What is an ecological footprint your answer?
An ecological footprint is measured in the amount of biologically productive land needed to sustain that lifestyle. An ecological footprint is one measure of sustainability. Measures for cities take into account the average per city inhabitant and any resources the city as a whole consumes and provides.
What is an ecological footprint quizlet?
Ecological Footprint. – A measure of the amount of biologically productive land and water area an individual, a population or an activity occupies, given prevailing technology.
What is ecological footprint and why is it important?
This is what the Ecological Footprint does: It measures the biologically productive area needed to provide for everything that people demand from nature: fruits and vegetables, meat, fish, wood, cotton and other fibres, as well as absorption of carbon dioxide from fossil fuel burning and space for buildings and roads.
What is the ecological footprint for the world?
The world-average ecological footprint was 2.75 global hectares per person (22.6 billion total) and the average biocapacity was 1.63 global hectares. This means there is a global deficit of 1.1 global hectares per person.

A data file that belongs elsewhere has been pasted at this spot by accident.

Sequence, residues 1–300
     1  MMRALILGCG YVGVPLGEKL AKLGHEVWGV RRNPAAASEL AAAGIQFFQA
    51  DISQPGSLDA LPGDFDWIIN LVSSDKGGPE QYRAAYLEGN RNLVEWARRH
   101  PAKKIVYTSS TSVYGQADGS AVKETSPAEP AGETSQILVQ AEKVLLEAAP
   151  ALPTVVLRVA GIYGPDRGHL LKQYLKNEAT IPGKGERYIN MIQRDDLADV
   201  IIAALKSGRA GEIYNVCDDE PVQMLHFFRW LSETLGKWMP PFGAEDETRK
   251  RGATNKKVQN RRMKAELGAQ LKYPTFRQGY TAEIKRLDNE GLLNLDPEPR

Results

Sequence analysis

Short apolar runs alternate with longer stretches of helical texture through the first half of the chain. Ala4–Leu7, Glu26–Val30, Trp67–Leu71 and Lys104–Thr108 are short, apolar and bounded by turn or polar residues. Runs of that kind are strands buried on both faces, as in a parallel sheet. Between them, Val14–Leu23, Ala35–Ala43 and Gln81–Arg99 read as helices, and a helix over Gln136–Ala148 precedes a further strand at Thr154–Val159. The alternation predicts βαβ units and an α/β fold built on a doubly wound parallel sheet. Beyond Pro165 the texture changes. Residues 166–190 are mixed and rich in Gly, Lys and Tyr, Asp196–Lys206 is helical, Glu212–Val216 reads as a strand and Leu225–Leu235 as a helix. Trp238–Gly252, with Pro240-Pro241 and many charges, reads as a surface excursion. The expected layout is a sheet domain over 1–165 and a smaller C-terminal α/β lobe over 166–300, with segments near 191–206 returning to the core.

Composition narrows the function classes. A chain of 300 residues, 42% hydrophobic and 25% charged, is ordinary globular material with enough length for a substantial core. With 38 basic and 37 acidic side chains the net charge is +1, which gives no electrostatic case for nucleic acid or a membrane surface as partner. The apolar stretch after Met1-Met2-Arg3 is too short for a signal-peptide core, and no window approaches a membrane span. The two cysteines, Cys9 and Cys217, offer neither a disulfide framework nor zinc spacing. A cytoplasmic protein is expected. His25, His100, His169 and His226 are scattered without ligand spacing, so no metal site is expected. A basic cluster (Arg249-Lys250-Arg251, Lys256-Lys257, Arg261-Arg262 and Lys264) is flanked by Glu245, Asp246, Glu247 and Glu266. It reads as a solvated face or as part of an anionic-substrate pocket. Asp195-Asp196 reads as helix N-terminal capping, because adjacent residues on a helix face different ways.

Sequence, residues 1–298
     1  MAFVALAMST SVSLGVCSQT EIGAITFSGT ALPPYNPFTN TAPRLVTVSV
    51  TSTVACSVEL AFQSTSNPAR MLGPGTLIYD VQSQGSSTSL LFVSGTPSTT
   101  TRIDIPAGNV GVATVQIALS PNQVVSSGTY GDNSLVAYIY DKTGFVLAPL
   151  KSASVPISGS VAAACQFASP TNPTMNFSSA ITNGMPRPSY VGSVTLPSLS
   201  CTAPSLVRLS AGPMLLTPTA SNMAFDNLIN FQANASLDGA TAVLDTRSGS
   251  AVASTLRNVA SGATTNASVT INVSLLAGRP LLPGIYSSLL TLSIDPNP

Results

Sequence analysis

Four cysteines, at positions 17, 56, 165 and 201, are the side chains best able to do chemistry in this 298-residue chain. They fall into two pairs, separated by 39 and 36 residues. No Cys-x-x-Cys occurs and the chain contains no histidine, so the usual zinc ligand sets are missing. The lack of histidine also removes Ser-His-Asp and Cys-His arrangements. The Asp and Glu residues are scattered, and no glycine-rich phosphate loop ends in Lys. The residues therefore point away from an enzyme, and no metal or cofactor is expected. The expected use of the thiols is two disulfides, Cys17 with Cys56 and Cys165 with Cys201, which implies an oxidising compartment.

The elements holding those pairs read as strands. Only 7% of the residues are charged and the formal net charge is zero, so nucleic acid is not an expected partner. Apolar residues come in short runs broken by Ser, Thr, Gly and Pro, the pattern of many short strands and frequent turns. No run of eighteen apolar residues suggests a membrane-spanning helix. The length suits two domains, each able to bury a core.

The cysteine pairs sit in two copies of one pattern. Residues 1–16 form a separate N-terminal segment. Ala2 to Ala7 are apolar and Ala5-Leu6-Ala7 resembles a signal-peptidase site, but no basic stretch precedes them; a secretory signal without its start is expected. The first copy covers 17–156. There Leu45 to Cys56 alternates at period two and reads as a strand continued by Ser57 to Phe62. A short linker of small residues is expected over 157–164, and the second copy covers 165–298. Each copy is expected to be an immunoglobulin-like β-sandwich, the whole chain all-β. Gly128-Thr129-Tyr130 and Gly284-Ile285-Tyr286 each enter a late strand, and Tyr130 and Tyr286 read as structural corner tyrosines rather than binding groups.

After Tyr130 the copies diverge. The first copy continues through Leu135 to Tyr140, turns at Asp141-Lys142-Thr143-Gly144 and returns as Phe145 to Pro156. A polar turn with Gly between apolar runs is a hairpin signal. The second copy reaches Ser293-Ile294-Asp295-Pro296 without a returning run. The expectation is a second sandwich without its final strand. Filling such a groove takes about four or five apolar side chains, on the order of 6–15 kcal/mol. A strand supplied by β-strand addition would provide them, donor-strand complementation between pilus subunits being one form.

What is the best explanation of ecological footprint quizlet?
The definition of ecological footprint is the amounts of productive land need to support each person life style. We calculate ecological footprint show individuals how the effect the environment personally.
What is an ecological footprint quizlet Chapter 19?
What is an ecological footprint? An ecological footprint represents the amount of land and water needed to produce the resources used by an individual or nation.
What do anthropologists mean by the human ecological footprint?
In 1992, William Rees developed the ecological footprint concept. … This means that the footprint of human consumption is extracting more natural resources than can be replenished by ecosystems around the world.
What is ecological and carbon footprint?
An ecological footprint, as explained earlier compares the total resources people consume with the land and water area that is needed to replace those resources. A carbon footprint also deals with resource usage but focuses strictly on the greenhouse gases released due to burning of fossil fuels.